Science & Environment

X-ray lasers from tabletop device

X-ray beam
Image caption The development could pave the way for super high-resolution imaging

An international team of scientists has generated the first laser-like beams of X-rays from a tabletop device.

Most of today's X-ray lasers require so much power they rely on facilities the size of sports stadiums.

This has prompted efforts to build a cost-effective and reasonably sized X-ray laser.

The development, reported in Science journal, could pave the way for super high-resolution imaging that could peer into a cell or a chemical reaction.

"Because X-ray wavelengths are 1,000 times shorter than visible light and they penetrate materials, these coherent X-ray beams promise revolutionary new capabilities," said co-author Margaret Murnane, professor of physics at the University of Colorado in Boulder, US.

In a laser beam, all the photons (light particles) oscillate in perfect unison. The wave crests are aligned - this kind of radiation is called "coherent".

The energy for the X-ray beam was supplied by short infrared laser pulses. They are fired at noble gases, where they rip electrons out of the atoms.

These electrons are then accelerated by the infrared light and return to their atoms, where they convert their kinetic energy into X-ray radiation.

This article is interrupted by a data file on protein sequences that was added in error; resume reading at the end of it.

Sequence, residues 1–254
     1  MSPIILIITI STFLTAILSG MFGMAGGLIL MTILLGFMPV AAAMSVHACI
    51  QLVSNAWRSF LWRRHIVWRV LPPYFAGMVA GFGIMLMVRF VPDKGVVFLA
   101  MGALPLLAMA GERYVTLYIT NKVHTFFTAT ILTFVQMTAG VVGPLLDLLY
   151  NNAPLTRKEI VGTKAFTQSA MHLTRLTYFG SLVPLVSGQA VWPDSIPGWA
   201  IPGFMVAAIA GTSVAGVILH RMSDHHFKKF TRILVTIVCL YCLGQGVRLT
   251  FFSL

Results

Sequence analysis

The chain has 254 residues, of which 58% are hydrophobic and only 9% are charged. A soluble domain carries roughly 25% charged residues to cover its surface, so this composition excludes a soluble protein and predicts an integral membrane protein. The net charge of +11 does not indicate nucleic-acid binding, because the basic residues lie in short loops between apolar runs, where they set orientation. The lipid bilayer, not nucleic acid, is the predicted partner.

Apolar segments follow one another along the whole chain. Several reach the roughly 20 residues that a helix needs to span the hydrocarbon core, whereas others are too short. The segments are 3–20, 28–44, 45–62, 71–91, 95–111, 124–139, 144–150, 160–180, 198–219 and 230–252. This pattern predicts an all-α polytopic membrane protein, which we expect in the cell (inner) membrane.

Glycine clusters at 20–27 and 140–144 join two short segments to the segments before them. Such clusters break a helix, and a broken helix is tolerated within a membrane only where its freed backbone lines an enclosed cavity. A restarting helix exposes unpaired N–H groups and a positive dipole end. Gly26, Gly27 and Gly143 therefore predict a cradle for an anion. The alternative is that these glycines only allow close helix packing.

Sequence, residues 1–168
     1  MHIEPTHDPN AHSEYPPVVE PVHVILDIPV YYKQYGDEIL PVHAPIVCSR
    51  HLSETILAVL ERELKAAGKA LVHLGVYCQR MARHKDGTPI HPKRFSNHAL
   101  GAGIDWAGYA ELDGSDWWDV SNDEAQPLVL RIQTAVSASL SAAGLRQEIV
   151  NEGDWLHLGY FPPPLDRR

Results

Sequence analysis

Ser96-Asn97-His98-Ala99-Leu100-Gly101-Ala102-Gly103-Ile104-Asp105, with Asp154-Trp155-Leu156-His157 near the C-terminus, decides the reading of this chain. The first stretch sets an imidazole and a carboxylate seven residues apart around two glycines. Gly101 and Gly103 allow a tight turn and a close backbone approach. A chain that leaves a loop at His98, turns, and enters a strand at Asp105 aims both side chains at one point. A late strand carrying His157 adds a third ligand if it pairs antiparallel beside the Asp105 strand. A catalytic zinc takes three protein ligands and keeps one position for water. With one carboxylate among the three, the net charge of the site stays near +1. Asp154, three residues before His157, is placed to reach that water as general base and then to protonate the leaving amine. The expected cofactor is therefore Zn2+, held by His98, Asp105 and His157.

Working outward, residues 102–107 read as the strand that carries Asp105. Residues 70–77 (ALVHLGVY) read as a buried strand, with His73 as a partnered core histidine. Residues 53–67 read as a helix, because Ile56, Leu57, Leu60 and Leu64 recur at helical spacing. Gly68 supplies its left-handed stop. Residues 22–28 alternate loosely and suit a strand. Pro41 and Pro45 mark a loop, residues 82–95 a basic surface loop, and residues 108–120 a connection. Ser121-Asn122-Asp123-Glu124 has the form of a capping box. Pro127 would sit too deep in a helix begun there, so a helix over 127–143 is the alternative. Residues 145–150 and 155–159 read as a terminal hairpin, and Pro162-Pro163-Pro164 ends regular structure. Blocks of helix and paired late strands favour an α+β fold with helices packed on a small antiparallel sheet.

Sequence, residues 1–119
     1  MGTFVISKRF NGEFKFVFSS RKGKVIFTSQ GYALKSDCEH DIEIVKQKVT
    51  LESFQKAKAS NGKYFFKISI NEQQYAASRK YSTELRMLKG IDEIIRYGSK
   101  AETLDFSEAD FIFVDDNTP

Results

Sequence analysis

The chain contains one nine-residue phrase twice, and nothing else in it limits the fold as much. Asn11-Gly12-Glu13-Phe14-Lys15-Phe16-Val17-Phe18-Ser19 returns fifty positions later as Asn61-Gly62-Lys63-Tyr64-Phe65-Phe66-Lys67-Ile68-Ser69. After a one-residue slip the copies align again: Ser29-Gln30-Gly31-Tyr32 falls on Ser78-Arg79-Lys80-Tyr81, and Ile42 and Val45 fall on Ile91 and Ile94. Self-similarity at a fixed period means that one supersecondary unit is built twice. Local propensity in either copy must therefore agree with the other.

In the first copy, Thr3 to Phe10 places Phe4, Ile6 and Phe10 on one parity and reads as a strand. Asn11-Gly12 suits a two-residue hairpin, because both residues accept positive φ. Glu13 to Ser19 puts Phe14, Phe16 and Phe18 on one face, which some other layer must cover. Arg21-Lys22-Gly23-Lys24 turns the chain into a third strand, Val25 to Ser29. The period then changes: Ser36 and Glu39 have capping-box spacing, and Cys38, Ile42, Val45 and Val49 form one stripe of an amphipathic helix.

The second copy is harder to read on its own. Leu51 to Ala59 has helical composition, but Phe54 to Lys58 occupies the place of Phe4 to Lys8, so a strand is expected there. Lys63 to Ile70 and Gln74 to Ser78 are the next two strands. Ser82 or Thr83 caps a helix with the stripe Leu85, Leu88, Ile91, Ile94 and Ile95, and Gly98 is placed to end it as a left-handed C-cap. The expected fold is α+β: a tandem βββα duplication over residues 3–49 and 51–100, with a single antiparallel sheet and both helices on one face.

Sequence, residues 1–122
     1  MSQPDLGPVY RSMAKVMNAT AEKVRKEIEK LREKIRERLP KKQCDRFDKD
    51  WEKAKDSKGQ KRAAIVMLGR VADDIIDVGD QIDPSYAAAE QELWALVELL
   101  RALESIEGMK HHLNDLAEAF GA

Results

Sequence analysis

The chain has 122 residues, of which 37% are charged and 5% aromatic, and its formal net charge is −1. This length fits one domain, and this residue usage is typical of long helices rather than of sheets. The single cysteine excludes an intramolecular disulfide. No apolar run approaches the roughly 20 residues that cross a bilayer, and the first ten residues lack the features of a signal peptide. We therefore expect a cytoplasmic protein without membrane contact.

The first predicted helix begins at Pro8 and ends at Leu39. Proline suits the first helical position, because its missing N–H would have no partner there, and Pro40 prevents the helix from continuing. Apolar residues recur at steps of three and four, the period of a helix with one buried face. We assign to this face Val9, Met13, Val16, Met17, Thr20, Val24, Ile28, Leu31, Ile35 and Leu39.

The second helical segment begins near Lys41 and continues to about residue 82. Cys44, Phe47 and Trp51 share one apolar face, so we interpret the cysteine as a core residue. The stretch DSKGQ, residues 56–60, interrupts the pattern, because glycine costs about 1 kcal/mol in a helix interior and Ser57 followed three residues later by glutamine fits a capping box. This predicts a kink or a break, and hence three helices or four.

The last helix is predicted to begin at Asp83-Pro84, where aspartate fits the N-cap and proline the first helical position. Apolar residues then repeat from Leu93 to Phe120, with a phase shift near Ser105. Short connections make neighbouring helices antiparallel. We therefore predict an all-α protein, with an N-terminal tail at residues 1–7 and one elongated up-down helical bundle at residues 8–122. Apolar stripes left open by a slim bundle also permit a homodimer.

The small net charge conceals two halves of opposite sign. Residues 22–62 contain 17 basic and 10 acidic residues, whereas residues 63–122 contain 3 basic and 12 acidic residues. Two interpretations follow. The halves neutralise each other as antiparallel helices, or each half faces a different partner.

The coherent beam generated in the latest study covers a broad energy spectrum - simultaneously streaming ultraviolet light, X-rays, and all wavelengths in between.

Image caption When a laser is focused into high pressure gas, part of the laser is converted into an X-ray beam

"This is the broadest spectral bandwidth, coherent light source ever generated," said Prod Henry Kapteyn, from the University of Colorado at Boulder.

The kind of radiation produced used to be available only in expensive particle accelerators called synchrotrons.

"Synchrotrons still deliver more photons per second than our beam does, but for many applications, our light source will be very useful," said co-author Audrius Pugzlys of the Technical University, Vienna in Austria.

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